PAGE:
- There will also be an increased focus on outcomes for treatment of substance abuse disorders. As death rates increase, we will see more focus on what to do about this. Restricting supply by itself doesn’t fix the problem. You may just be pushing the problem to a place you don't see it anymore. The annual death rate from opioids is already shocking, and its expected to be at the same level for the next 10 years based on an article I read recently. Along these lines there are groups like the Shatterproof Coalition. This is a group founded by wealthy person whose son died of overdose after many attempts at rehab. Their mission is to work with payers to create evidence-based models for substance abuse treatment. All of this is part of a discussion about belief-based programs vs. evidence-based-medicine. We’ve had the former in things like AA and NA for decades. While it works for a lot of people, it also doesn’t work for a lot of other people. Other models are untested in terms of evidence, too. There is no evidence that 28-day rehab works. The main idea of this coalition is to create evidence that helps payers to implement different models. Getting 40 big payers to change provider behavior is easier than getting 10,000 providers to change.
- I think we will also see new focus on the impacts of value-based care. Where it take us by focusing on paying for success is a worry. One of the unintended consequences in pay for performance is taking only easier people. How do we account for this? What if people are treatment resistant, or not motivated to change? How do we account for those people that won’t be welcomed in value-based payment models by providers who want to shed risk?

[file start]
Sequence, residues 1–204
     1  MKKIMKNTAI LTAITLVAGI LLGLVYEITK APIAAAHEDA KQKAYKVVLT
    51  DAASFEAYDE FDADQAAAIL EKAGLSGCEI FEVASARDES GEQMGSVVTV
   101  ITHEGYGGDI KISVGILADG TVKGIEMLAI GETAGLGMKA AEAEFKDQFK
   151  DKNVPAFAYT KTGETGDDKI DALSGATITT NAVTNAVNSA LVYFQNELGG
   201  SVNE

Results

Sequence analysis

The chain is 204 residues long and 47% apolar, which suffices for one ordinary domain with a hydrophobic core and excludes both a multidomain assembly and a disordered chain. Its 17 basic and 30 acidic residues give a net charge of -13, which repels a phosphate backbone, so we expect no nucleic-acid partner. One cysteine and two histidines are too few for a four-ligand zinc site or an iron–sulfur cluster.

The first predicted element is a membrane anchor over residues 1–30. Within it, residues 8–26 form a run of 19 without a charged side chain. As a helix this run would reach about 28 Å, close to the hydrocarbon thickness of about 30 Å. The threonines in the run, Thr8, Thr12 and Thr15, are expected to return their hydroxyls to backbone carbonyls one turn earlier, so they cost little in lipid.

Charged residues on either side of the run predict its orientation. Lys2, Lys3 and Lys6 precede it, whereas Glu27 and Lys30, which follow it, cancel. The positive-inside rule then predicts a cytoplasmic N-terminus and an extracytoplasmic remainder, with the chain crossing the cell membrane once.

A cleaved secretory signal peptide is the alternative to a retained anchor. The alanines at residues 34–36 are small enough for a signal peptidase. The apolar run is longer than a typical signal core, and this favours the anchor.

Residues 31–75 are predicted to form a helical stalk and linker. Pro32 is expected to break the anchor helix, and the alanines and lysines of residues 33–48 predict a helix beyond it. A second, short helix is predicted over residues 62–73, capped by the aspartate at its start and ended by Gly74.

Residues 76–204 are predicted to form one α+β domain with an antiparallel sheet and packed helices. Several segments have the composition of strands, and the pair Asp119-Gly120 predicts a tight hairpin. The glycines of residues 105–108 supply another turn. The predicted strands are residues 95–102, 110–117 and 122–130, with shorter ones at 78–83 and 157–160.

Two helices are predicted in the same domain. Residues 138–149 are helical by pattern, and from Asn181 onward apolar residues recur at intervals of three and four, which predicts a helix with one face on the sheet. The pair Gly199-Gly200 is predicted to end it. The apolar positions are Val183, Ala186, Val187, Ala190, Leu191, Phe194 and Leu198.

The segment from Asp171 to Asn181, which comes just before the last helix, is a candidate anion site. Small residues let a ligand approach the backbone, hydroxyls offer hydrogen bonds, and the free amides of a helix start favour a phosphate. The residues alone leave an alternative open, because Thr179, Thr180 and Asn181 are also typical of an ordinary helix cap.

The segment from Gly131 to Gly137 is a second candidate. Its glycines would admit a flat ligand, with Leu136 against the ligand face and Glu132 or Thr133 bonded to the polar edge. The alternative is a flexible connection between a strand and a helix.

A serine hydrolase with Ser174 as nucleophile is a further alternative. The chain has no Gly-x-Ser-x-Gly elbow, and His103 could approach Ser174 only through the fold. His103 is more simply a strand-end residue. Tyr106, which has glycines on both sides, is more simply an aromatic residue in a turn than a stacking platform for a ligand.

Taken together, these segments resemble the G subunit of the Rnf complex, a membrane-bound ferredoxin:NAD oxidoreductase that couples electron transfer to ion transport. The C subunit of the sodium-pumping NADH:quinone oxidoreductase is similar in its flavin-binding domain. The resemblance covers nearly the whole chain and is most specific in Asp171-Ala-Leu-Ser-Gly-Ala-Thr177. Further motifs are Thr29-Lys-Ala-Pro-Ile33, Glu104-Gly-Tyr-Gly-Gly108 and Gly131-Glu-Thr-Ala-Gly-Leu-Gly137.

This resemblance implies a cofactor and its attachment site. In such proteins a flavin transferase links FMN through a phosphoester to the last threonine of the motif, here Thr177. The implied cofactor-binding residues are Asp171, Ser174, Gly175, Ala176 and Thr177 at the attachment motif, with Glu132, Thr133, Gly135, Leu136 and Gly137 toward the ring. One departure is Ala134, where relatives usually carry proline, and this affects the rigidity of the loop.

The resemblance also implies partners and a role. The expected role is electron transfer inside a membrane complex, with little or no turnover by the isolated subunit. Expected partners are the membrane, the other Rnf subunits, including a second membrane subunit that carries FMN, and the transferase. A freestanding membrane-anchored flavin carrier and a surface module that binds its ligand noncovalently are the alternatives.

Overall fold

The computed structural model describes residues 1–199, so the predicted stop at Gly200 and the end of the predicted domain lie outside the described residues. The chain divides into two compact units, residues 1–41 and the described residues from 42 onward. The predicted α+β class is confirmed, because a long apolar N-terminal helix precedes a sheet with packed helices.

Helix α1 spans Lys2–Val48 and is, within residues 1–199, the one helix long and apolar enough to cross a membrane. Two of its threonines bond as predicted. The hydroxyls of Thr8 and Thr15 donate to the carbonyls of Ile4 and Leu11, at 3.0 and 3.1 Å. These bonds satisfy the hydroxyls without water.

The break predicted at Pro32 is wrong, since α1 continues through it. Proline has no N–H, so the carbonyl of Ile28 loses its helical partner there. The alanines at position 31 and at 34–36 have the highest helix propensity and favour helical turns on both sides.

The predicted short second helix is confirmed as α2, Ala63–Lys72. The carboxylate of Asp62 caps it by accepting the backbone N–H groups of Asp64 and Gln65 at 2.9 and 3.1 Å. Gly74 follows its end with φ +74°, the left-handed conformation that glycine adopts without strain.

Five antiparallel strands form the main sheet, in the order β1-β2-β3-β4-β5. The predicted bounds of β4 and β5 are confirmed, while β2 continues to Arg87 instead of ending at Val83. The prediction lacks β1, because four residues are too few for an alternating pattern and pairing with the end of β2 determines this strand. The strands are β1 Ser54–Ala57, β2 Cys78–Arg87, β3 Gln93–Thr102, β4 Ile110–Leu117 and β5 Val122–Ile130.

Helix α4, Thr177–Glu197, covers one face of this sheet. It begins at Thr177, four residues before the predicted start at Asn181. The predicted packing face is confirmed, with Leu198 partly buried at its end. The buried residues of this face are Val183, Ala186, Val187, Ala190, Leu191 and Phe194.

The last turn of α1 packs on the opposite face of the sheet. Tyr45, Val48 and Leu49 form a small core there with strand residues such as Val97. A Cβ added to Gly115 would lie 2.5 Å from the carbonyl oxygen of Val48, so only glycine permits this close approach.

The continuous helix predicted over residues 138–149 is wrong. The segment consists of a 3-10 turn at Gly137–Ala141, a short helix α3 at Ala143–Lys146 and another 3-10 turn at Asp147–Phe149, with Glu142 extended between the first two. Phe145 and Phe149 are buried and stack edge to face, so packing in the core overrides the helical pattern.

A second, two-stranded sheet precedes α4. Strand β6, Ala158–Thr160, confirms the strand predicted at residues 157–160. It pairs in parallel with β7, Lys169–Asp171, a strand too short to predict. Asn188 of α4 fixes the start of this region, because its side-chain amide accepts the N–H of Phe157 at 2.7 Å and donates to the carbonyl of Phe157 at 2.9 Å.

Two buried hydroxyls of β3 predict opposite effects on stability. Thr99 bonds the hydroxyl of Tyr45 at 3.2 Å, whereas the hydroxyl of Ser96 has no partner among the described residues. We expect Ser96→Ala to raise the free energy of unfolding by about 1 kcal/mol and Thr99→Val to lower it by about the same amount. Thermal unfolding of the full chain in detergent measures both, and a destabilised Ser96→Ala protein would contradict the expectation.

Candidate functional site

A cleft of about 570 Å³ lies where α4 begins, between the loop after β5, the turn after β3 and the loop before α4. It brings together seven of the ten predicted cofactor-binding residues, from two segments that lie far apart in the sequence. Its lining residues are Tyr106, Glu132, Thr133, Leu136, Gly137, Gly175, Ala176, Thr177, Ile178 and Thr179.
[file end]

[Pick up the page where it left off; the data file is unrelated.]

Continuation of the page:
Q3: What advice would you give to your peers about managing vendor partner relationships?
- The first thing is to ask potential vendors is what peer reviewed evidence they have to support that what they are proposing is effective or what the impact is. What you normally get is carefully cultivated samples that are more like published commercials vs. evidence-based medicine. Vendors will pick and choose from successes and put those as their pitch. Don't rely only on the vendor to tell you the great stuff.
- Be careful to quantify expected outcomes for what cost. Avoid a strategy to just try things and see what happens. You want clear, quantified goals like “reducing ED visits for CHF by 20%.” You also want to have a structured period of study and agree at the beginning what the goals and study methods are.
- Explore vendor arrangements where they share some risk as part of the arrangement. Value-based payment models can apply to vendors, too. What’s the consequence if we don't achieve expected results? You don’t want to leave room for finger pointing at the end. You want to make the rules clear at beginning, so you don't argue over what went wrong.
I’ll give a somewhat hypothetical example to help illustrate all this:
We were in discussions with a care management vendor for help with high risk patients in Pennsylvania. This particular vendor had had success in other sectors.
We were able to talk with other MCOs who had worked with them. We learned the vendor was good at ABC, didn’t know what D was, and E-G was a complete revelation to them. They had no experience with patients with SMI. Turns out their success was very specific elderly ladies with early stage dementia who lived in independent living.
All the details are twisted up a bit to be discrete about who the vendor was, but you get the idea.
The moral of that story is to talk to your colleagues in other MCOs. Groups like ACAP are good for those discussions, because you’re not really in a group of competing MCOs.